After a long day through pretty roads, we ended up again in Frigate Bay for dinner. Chinchillas was a delight since there were lots of people, students mostly, chilling in the area. The food and music were great too. Apparently the lane was a party till 4 am which we missed - sleep in the Caribbean comes first!

On day 4, we went to the most famous beach in St. Kitts - Cockleshell beach. We did not like Frigate beach at all, so this was a little better. Being an island, we were not impressed by the beaches we saw here. Maybe tourists like Volcano hikes and Sugar plantation tours in this country - which we did not take!

Loved the overcast, beach weather!

In the evening we went to the port area to walk the by-lanes of Basseterre. This island has a population of about 50,000 - it seemed everyone was outside because every place was so full. There were no international brands (except Dominoes pizza). To us, it looked like a city from India of the 90's. Time had stood still - in a good way. There were tailoring shops, smaller restaurants, petite utility shops, hawkers, et al. It was a different experience.

We didn't walk into the tiny lanes because they say you need to be careful in these countries. I don't know how much of it is true because we met only beautiful souls - like the nurse turned van driver who kind of lifted me to help me inside her huge van, like the waiters from Punjab who had left their families and travelled across the continents to find their livelihood here, like our receptionists who seem to be working 24-hour shift everyday..

I absolutely loved Caribbean for their people. Antigua is where we were about to go next... stay tuned to inhale the beauty of that picturesque island!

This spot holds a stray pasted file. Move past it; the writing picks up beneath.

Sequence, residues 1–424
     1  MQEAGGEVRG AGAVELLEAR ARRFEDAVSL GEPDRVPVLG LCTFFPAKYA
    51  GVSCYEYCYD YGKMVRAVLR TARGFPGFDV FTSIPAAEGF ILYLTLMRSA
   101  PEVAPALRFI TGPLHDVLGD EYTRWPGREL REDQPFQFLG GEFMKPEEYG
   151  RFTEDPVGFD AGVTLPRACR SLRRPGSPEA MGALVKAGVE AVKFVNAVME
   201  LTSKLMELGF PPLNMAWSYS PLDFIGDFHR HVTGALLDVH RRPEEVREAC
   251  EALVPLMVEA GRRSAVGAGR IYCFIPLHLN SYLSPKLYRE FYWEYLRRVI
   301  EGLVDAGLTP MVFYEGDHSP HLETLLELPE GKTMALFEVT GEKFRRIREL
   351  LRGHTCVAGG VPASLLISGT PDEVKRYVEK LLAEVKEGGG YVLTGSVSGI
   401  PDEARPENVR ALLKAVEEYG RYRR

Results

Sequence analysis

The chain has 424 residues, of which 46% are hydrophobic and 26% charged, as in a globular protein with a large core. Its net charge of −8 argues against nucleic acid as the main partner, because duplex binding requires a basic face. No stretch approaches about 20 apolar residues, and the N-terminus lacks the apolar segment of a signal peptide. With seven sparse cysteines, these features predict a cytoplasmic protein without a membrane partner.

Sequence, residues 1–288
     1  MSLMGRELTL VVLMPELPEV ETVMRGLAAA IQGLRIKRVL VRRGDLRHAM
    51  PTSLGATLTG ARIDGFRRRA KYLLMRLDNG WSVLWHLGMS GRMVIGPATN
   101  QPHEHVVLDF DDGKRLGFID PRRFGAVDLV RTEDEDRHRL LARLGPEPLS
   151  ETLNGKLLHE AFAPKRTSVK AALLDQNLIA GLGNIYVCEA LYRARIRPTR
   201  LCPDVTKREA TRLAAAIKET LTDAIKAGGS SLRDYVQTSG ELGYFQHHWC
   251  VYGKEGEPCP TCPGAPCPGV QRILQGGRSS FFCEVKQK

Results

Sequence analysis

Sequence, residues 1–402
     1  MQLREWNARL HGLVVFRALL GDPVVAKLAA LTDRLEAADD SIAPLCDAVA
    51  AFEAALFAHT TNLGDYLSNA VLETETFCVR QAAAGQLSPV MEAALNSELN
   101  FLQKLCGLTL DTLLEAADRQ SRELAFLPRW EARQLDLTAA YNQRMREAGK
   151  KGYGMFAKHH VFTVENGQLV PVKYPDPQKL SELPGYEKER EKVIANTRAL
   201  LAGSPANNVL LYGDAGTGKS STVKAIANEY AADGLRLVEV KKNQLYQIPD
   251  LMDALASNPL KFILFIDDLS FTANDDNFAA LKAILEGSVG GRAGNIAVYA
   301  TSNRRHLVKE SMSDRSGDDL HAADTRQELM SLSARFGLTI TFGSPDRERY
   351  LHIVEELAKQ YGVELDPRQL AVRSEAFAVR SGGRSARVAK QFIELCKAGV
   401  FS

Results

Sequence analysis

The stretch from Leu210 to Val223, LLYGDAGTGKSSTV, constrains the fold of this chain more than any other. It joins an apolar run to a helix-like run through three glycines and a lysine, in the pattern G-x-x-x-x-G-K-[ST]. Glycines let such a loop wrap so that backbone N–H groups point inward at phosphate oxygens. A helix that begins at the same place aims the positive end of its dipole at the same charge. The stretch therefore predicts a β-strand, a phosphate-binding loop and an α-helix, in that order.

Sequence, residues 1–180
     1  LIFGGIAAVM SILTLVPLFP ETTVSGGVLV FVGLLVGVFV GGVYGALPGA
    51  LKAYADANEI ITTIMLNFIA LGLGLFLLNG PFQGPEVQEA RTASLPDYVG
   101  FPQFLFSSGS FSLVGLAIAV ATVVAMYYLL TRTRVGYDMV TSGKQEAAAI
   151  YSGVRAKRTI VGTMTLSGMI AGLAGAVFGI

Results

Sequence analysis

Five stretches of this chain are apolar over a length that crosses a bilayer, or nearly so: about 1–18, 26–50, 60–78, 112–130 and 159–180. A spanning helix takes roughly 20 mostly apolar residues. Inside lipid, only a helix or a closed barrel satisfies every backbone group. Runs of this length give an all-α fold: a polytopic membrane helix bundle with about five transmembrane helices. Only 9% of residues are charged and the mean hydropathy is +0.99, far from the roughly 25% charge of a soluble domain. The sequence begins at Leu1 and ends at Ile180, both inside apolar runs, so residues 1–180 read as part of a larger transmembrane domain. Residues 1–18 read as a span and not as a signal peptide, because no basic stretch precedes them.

Some handy tips for St. Kitts and Nevis:

- Although U.S dollars are widely accepted, try and get some EC dollars while in the island - things are cheaper that way.
- Ask for a sedan if you don't need a huge van for a taxi, they are extremely rare, but you could find one.
- No better place to stay than Frigate bay. Our hotel was the best!
- If you are looking for beaches, St. Kitts is not your destination.
- See if you can take a guided, walking tour of the main city. We missed that and could have learnt and seen more that way.
- We found St. Kitts to be a one-day cruise ship port. Hmm!
- While in the Caribbean, keep an eye on your airlines. They change schedules on a whim like they did for us but we were smart to check on them all the time!

Thursday, February 15, 2018

Caribbean Tales: How to select islands for an Indian Passport holder

The cricket fanatic in my husband wanted to visit the West Indies. We didn't visit any stadiums though but that is for another post! Frankly, we had no clue since we didn't have any friends who have visited the islands. Living in the Middle East, we usually go to Europe or Asian countries owing to shorter flight duration. And so, Google was my only friend when searching for the islands to see.

This page stating Visa Requirements for Indian Passport Holders is highly accurate. To reconfirm you must go to the immigration site of various countries and check. You can also find their twitter handle and message them; chances are high of getting a reply. I even emailed a few embassies and got a response, although I found better info online!

If you are flying via USA, you will need an American tourist visa. We didn't check before going if U.S. needs transit visa; it does! Thankfully we had one, and it is probably because of this we didn't pay much heed to transit requirements.

From whatever I read online, we can safely conclude that you can visit most Caribbean nations while on a cruise without a visa. A clear exception to this is Cuba (the ONLY reason we couldn't visit this amazinggg island). You can take a 4-day, 7-day, 14-day, etc cruise leaving from Miami, Puerto Rico, Galveston, or any other port, visit these islands as a day tripper, and no one will ask you for a visa. It saves you a lot of hassle, plus you can see more in less time.

Frankly, a cruise works really well. Inter-Caribbean airlines are known for baggage loss, several delays and cancellations, and what not. I had read horrid tales and frankly I was super scared. Thankfully, nothing went wrong in our case and we were saved. But we did lose several hundred dollars due to cancellations for we didn't want to visit Hurricane (Maria and Irma) hit islands. The airlines give you vouchers for canceling and we have no plans of visiting the Caribbean in the next one year... so.